There are also other steps in the colouring process that need to be considered: temperature influences the colour; a temperature above 82 degrees Celcius turns the red colour into brown (for wool). Hard water (basic pH) increases the intensity of the red colour. The time in the colour solution and the strength of the colour solution influence the outcome as well: the longer, the darker, and more pigments in the solution also make the end result a darker red.

So what is the best way to colour antler madder red? I decided to do some tests to find out.

The first test

Madder powder as well as madder extract was bought from paint mill 'De Kat' in the Netherlands. Madder extract has already the red pigments (alizarin and purpurin) from the root extracted, and is sold as a plaque of dried crystals, which needs to be dissolved again. The madder powder is finely ground madder root, from which the madder pigments still need to be extracted before colouring the antler (or wool). I also purchased some alum from 'De Kat'.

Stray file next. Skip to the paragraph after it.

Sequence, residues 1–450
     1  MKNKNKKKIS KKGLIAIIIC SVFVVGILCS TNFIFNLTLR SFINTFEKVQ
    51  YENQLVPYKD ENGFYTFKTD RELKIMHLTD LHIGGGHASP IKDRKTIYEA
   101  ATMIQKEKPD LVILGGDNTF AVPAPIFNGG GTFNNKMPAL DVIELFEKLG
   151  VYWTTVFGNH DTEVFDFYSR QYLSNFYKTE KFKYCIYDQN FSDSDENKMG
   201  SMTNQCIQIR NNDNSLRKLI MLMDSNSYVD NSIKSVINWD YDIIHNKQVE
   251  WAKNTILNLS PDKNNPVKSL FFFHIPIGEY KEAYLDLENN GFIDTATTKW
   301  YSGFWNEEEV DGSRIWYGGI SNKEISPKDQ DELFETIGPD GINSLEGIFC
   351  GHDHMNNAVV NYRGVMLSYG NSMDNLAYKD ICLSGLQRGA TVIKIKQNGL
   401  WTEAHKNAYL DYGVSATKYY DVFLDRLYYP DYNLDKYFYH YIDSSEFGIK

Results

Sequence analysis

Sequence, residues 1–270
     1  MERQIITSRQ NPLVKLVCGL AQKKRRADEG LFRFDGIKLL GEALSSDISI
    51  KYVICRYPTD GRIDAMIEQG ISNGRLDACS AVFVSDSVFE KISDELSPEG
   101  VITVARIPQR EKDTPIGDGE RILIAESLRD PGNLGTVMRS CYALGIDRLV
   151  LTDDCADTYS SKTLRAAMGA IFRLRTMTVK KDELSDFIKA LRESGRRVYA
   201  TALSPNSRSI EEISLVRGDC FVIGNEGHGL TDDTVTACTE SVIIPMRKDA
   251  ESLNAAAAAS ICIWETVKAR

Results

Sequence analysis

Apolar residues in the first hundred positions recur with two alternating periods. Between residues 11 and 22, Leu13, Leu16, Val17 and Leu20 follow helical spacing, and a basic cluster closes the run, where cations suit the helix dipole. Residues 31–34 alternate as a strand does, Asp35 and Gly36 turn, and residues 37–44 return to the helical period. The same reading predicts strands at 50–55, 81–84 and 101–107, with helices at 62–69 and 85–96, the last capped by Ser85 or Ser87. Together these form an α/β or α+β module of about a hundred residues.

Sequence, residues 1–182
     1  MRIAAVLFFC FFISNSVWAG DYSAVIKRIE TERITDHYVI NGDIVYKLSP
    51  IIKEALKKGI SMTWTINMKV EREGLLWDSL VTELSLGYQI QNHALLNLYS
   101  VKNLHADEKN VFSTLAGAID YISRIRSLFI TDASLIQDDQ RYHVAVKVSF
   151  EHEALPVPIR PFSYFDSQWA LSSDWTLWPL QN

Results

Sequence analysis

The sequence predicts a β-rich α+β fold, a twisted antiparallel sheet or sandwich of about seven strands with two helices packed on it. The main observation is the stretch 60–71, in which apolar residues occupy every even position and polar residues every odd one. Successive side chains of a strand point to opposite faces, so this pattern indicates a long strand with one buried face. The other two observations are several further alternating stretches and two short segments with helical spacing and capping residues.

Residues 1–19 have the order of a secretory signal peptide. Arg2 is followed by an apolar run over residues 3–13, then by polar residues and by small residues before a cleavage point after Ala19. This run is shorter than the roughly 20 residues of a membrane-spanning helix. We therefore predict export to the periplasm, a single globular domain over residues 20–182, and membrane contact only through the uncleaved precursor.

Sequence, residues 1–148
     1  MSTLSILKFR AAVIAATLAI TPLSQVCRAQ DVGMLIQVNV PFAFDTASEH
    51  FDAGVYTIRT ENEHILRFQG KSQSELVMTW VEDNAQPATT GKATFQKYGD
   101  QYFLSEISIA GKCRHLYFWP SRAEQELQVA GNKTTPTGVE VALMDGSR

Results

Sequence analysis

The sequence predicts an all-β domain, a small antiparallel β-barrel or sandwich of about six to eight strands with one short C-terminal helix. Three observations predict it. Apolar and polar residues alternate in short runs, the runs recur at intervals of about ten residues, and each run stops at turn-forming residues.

As a basis I used 'the Maiwa guide to natural dyes - what they are and how to use them'. This free pdf guide (provided by the Maiwa company which also sells these pigments) provides a very clear description on colouring for each dye and as well as for mordanting. 
Left: The two basic madder preparations from powder and extract in the 60 degrees Celcius water bath. Right: the setup in the kitchen with the meat thermometer at 60 degrees.

The amount of dyestuff needed is based on a percentage of the weight of fibre (WOF), in my case the weight of the antler pieces. For madder powder this is 35-100% WOF, for madder extract this is 3-8% WOF. The antler pieces should be just fully immersed in the solution. So the actual amount of water does not matter, the amount of pigment that is available to the fibre does. I used 50% WOF for the powder and 4% WOF of extract.